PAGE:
Pro-tip: Wait for the person in front of you to clear at least half of the obstacle, this way you don’t get stuck behind them for some unnecessary shocks.
18. Berlin Walls II
Exactly the same concept as the first series of walls, but these are taller (15ft), covered in more mud, and I was much more tired. This was one that I absolutely needed the aid of others and returned the favor. I straddled the wall for a while pulling people up, it was rewarding to help strangers.
Pro-tip: Again as before, take turns helping each other, and lower yourself down the other side. The fall is much worse on this one.
It appears as though this obstacle takes many forms depending on the course. For my race it was a single cable about three feet above the water, stretching from one side to the other. I watched a few people try and walk/swim across while holding on and facing forward, and then I watched a team of RAF boys take this in reverse like the guy above, only they let their legs fall. I used their strategy and flew across. My gloves definitely helped on this one.
Pro-tip: If you only have one cable like I did, lead with your hands and dangle your legs in the water behind you and just pull yourself across hand over hand. It wasn’t too bad.
20. Greased Lightning
Ok, this was the easiest one. Essentially a giant slip and slide. Many people treated it as such and ran and dove to slide down head first. I took a more conservative approach and slid down feet first. The water at the bottom was waist height which slowed people down, but it was also soapy so many people took the chance to clean up a little bit.
21. Twinkle Toes
A 30 foot long balance beam across water. This one is tricky because the beam gets really shaky in the middle, and seems to wobble about four inches left and right. Also, we were 11.5 miles in to the race and my stabilizer muscles were shot because of the mud, and my shoes were still plastered with mud despite all my attempts to wipe them clean. This was the worst bottleneck of the day, because people take their time trying to walk across and putting more than two on each beam really makes it wobble and ruins it for everyone. The upside is that I could catch my breath, but the downside is that we stood there for at least 15 min and my body started to cool off and tighten up. I got on the beam and slowly made my way across. The person in front of me lost their balance and dropped in to the drink, but I was seriously focused. I slowly and evenly continue walking, one step after another until I reached the other side. Victory!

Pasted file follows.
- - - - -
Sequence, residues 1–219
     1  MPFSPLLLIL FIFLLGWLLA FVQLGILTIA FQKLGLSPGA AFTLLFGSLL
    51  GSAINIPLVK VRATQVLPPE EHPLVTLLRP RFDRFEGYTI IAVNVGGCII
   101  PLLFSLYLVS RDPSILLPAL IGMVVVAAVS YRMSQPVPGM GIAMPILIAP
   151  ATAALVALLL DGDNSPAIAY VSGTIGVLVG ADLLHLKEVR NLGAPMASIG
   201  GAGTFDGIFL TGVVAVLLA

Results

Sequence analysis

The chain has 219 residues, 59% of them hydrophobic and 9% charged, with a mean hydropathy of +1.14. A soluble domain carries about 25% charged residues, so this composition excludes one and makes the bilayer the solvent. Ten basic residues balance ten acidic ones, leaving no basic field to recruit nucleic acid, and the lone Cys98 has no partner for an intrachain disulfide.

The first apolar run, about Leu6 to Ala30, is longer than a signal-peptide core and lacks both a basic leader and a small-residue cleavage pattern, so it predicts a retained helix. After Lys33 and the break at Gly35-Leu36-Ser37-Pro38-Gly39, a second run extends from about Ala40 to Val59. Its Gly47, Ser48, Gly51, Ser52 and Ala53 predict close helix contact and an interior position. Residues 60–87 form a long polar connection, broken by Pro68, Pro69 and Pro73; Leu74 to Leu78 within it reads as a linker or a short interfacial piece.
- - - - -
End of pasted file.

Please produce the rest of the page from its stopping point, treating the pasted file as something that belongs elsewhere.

Pro-tip: Go across at as slow but constant pace. I saw many people try and run across quickly, or do a super balancing act with each step, both are a waste of energy. Also, for the benefit of others, try and wait until the person ahead of you has finished. After I completed it I turned around to watch the guy behind me and he did the classic Hollywood fall, lean one way, then the other, then fall directly on his man parts. Ouch.
Just like when you were a kid right? I actually practiced for this obstacle on some playground monkey bars around Oxford, but this wasn’t anything like those. Not only do these bars ascend up then down, but half of the rungs are loosened and spin around, and a handful have been greased. One funky monkey indeed.
Here I am on the way up. I’m clearly exhausted by this point, but I know deep down that my upper body is strong enough to complete this obstacle. I really focused on each rung, one by one in order to not make any mistakes. Just after this I switched strategy to flexed arms, and that actually made it a little easier.
Pro-tip: Don’t wear gloves. Even though my gloves were tough rubber, they were wet and still a bit muddy and didn’t do me any favors on this one. Also be sure to take this one rung at a time. Literally, right onto the rung, left onto the same rung, right onto the second, left onto the second, and you get the point. I watched many people, and the highest success rate was the slow plodding moves like I did.
23.Walk the Plank
Although I managed to avoid the water in the previous two obstacles, there was no chance for this one. It was as easy as it looks, climb up to the top of the platform, jump down in to the water, and swim over to the shore. I was surprised how many people hesitated on this one, it must be the height (~15ft). I guess I just love jumping off high places.
Pro-tip: Try and spot the photographers and do something fun. There will be many people taking pictures of this one, so jump off in a team, or do a flip or make a funny face or something.